“Never again.” Loaded with nuance, I have a hard time with these words.
I first encountered them as a slogan in 1977, while visiting Masada in Israel. Masada is the mountain site of one of King Herod’s palace complexes, better known these days as the site where Israelite resistance fighters had taken refuge from the Roman army. After a long siege, the Romans breached the walls and the rebels committed suicide to avoid capture and enslavement. Since the establishment of the modern state of Israel, members of the Israeli military forces have hiked the 1148 ft. elevation via the Snake Path to pledge Never Again, in memory of the rebels and of the victims of the Holocaust.
I had already visited Auschwitz four months earlier, and totally understood the sentiment. But I also had some problems with the idea even then. You see, during my time in Israel, I had seen more than the usual tourist areas.
On a study tour through a Christian college in Jerusalem, we saw many historical sites not on the usual itinerary. Our bus driver was an Arab, non-practicing of any religion, but nominally Islamic. Most of the staff at the school were Christian Arabs. So when we saw places that had once been Arab villages razed for security purposes, and read about the struggles Arab farmers had retaining their land in the face of militant Israeli groups wanting to take them over for Kibbutz and other developments, the statistics had faces and people behind them. The situation was – and still is – complicated and messy, far beyond simple slogans.
Not only that, but word of the killing fields in Cambodia had reached the west by then. If anyone could identify with the genocide occurring under the Khmer Rouge, it would be the Israelis. Yet they were as silent as the rest of the world. It disturbed me then and still does.
So when I saw a piece on TV about the new Tower of Voices bell tower at the 9-11 memorial for Flight 93 in Pennsylvania, I had mixed feelings. I want to see the memorial if I ever get that way. There’s a stark beauty to the place that spoke to my soul even through the electronic medium. The heroism of those every-day people needs to be remembered and honored. But one video shot which showed a gentleman (a family member, I think), wearing a T-shirt that said, “We Will Never Forget,” dropped me into dissonance. My mind heard “Never Again.”
September 11, 2001 threw us into a war in Iraq that had more to do with political revenge than genocide, despite the mass killings of Kurds and others in that country. To this day, the Taliban continue their reign of terror in Afghanistan despite our best efforts. (We should have learned from the Soviets’ failure, but arrogance knows no political boundaries.) Rwanda’s civil war, Myanmar’s dictatorship, Jordan’s open genocide of its own people have all been met with lukewarm resistance at best, and slight hand-wringing at worst.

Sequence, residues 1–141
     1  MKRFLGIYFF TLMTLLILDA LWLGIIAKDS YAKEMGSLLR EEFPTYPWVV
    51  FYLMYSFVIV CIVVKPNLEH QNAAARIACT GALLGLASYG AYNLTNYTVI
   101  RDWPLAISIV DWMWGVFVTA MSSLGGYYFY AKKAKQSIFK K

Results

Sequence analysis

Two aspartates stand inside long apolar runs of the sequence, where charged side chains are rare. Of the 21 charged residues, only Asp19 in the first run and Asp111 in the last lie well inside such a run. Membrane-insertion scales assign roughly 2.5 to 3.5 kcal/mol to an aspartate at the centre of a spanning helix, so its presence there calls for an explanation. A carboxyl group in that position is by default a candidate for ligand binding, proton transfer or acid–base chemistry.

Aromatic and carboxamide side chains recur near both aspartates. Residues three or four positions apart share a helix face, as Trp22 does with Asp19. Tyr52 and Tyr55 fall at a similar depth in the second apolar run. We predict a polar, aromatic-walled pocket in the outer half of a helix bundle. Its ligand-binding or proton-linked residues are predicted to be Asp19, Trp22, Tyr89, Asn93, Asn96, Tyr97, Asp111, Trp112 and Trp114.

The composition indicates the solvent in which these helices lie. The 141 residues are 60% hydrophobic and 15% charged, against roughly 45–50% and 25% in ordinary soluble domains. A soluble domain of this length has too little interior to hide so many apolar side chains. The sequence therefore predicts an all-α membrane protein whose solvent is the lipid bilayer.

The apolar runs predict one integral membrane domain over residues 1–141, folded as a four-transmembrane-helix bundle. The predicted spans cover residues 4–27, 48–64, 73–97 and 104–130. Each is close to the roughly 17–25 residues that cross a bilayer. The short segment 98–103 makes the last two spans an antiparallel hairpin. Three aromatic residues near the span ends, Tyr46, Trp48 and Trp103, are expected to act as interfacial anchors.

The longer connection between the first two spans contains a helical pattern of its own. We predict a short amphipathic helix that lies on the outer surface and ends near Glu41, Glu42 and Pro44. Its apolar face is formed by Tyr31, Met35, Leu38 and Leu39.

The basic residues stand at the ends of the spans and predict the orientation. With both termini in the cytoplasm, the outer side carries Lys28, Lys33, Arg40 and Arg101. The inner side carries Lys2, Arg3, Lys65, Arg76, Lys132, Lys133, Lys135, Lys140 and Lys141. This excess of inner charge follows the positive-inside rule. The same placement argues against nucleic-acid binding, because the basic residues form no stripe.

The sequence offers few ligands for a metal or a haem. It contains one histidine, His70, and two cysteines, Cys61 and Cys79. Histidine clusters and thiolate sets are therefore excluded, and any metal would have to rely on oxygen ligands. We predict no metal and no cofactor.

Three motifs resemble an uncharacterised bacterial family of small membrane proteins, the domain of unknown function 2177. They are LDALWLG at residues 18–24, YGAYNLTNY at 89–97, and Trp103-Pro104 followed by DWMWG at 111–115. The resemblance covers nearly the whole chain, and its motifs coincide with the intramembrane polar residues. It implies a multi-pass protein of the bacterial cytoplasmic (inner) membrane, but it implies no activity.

These days you hear Never Again every time there’s a school shooting or other mass casualty event. Anti-gun groups have co-opted it, driving another wedge into the great American debate, as if gun owners don’t care about children. But Never Again always seems to apply only to the group saying it. Us versus Them is alive and well. But that is a problem. We are no longer a world where Us versus Them serves anyone well. We are more interconnected – and therefore interdependent – than ever before.
The most ardent isolationist in Alaska breathes air contaminated by China. Dust from the Sahara reaches Europe and Texas. Antarctica suffers changes in the ozone layer along with particulate pollution from other areas of the world. And those are just physical connections. Economic connections are more pervasive. Food, clothes, metals, electronics, skills – all are interconnected. Even North Korea is unable to survive without assistance from others, such as China.
Remembering is good. And necessary for so many reasons. But today, as a species, we face threats from Mother Nature as great or greater than that of nuclear war. With the vast majority of the human population facing loss of their coastal habitat sooner than later, and the changes in temperatures and rainfall challenging food production around the world, we need to work together to survive. Yet here we are, bickering over tariffs and refugees, Us versus Them, not seeing that we are all Us. The bell tolls for all of Us. Never Again only has meaning when it applies to All of Us.